The letters A, T, C and G represent the nucleotides or nitrogenous bases that make up a strand of DNA:
A = adenine
T = thymine
C = cytosine
G = guanine
Adenine and guanine are a class of molecules called purines and cytosine and thymine are in a class called pyrimidines. Adenine pairs with thymine and cytosine pairs with guanine. The two opposite DNA strands in the double helix are made of of these base pairs. Purines are larger than pyrimidines so consistent spacing is maintained by each base pair having a purine and a pyrimidine. The sequence along one strand is the "complement" of the sequence along the other strand, so that when two strands are bonded each base is paired with its complementary partner.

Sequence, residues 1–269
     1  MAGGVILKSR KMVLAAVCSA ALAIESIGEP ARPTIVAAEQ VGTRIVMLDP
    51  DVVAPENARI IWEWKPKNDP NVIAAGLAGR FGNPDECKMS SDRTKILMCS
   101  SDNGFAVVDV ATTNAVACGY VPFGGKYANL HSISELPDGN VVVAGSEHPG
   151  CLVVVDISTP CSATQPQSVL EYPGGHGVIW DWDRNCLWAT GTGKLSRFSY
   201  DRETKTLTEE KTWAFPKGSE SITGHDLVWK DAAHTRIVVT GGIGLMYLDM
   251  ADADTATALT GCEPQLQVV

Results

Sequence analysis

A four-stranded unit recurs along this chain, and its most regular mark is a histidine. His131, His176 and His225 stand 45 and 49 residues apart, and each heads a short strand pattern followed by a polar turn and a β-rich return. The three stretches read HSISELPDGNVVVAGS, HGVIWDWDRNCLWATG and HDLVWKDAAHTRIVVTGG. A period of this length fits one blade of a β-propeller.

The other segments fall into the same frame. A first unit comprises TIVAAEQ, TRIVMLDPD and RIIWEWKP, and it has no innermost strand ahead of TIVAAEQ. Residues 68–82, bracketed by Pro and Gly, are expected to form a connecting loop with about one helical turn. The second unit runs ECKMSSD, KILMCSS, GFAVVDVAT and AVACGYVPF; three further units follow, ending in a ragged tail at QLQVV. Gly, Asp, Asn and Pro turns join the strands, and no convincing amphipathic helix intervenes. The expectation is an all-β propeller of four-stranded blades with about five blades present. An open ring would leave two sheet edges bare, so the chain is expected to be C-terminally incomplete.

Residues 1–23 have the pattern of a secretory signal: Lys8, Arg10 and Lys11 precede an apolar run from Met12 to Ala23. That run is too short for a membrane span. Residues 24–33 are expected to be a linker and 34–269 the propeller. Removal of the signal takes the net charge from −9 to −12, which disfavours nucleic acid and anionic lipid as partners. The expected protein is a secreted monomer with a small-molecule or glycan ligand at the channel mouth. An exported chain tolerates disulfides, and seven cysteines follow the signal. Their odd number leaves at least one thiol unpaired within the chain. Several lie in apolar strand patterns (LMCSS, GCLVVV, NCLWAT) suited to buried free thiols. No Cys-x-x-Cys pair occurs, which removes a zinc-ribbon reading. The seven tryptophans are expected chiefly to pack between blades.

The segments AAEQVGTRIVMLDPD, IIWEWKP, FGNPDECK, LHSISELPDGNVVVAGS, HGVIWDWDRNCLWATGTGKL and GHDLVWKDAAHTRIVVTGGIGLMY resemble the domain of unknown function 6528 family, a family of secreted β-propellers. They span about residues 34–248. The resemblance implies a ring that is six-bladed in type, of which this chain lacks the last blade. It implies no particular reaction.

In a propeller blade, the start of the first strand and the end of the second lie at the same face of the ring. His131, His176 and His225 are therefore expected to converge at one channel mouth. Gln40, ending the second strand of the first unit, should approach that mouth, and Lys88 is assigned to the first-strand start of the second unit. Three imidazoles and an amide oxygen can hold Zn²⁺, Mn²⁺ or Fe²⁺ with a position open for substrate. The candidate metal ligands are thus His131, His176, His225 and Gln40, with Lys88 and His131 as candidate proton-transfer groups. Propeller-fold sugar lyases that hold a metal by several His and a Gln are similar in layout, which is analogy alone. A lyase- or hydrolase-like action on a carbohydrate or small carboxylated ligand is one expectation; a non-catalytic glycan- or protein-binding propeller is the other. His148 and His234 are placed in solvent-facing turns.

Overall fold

The strand shown in the question,
A-T-T-C-G-G-A-C-T-A, is paired with this complementary strand:
This allows A and T to pair and C and G to pair. Each base hydrogen-bonds to its complementary base. The hydrogen bonds are broken when the DNA "unzips" during replication.